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If the police mistakenly find contraband in my car, will the case be dismissed?


It should be, as it stands right now, but the law may soon change. Florida police officers pull motorists over every day based on mistakes of law. As a Jacksonville criminal lawyer,I represent people every day who are the victims of police 'mistakes of law'. In the case of Damian Leslie v. Florida, the police pulled over Mr. Leslie because he did not have a center rearview mirror. The cop believed this to be a traffic violation; it was not. When Leslie pulled over, the cop observed three baggies of marijuana in his lap while he was sitting in his vehicle. The cop then searched the car further and found some cocaine.

Leslie moved to suppress the evidence found in his car and the trial court denied the motion (why do trial courts so often refuse to acknowledge the current state of the law, I wonder?). Leslie wisely appealed to a higher court and, sure enough, the Florida District Court of Appeal reversed the trial court, and re-stated what has been the law in Florida for some time - "An officer's mistake of law as to what constitutes a traffic violation cannot provide reasonable suspicion justifying a traffic stop". Hilton v. State, (citation omitted); State v. Wimberly, (citation omitted)..." This seems obvious, right?

The United States Supreme Court is currently considering whether or not to allow traffic stop searches based on a cop's mistake of law. In Heien v. North Carolina, a sheriff pulled a car over because it had a broken taillight. Unbeknownst to the sheriff, North Carolina allows a car to have only one working taillight; as such, the car was pulled over mistakenly. After some conversation, the sheriff asked for permission to search the vehicle. Mr. Heien agreed and the sheriff found 54.2 grams of cocaine in the car. Heien was indicted for cocaine trafficing and promptly filed a motion to suppress the evidence discovered during the search of the vehicle; the trial court (of course) denied the motion. The North Carolina Court of Appeals reversed the trial court (just like in Leslie v. Florida) because, as we now know, the police cannot base reasonable suspicion on an illegal or mistaken traffic stop.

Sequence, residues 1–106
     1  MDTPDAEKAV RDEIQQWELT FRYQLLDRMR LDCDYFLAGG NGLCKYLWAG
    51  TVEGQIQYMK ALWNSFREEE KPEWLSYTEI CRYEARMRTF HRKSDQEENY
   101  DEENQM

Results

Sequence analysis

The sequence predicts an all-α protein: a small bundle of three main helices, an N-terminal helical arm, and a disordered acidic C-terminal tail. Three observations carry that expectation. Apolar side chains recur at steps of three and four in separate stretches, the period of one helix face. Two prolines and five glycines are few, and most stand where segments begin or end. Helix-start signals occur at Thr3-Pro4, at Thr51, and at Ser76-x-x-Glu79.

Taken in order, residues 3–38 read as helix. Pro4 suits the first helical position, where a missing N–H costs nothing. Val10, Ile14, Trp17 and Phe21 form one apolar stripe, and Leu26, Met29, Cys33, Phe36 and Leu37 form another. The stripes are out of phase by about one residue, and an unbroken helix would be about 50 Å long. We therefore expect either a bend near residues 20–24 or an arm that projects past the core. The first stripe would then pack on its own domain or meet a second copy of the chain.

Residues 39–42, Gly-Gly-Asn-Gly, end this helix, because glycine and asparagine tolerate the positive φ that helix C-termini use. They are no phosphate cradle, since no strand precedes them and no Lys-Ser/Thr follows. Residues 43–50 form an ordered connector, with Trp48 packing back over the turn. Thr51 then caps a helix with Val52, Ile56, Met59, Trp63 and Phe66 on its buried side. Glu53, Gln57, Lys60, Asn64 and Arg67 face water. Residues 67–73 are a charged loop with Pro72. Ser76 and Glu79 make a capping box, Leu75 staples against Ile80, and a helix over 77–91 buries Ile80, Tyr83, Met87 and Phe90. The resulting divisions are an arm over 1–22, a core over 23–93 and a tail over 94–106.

But wait! The North Carolina Supreme Court reversed the Court of Appeals and said that when the officer's mistake of law is 'reasonable' , it may give rise to the 'reasonable suspicion' required for a warrantless search of a vehicle under the Fourth Amendment of the Constitution. Fortunately, a North Carolina Court of Appeals judge dissented (disagreed), stating that this ruling created "fundamental unfairness" because it held citizens to a traditional rule that "ignorance of the law is no excuse" while allowing the police to be ignorant of the law and get away with it.

Lesson Learned:

Until the U.S. Supreme Court decides this issue once and for all, it's still the law in Florida that a mistake in law cannot justify a vehicle stop and anything seized by the police during that stop should be thrown out (suppressed) by the court. However, the Supreme Court may just carve out an exception and allow the police, when acting in 'good faith' to pull over and search vehicles based on mistakes in law if the mistake was a reasonable one. But who will decide what police mistakes are 'reasonable' and which ones are not? The trial courts, who seem to deny defendant's suppression motions as a matter of course. Hopefully, the Supreme Court will do the right thing and hold the police to the same standards as they do its citizens. Stay tuned. I will update this post as soon as the Supreme Court decides.

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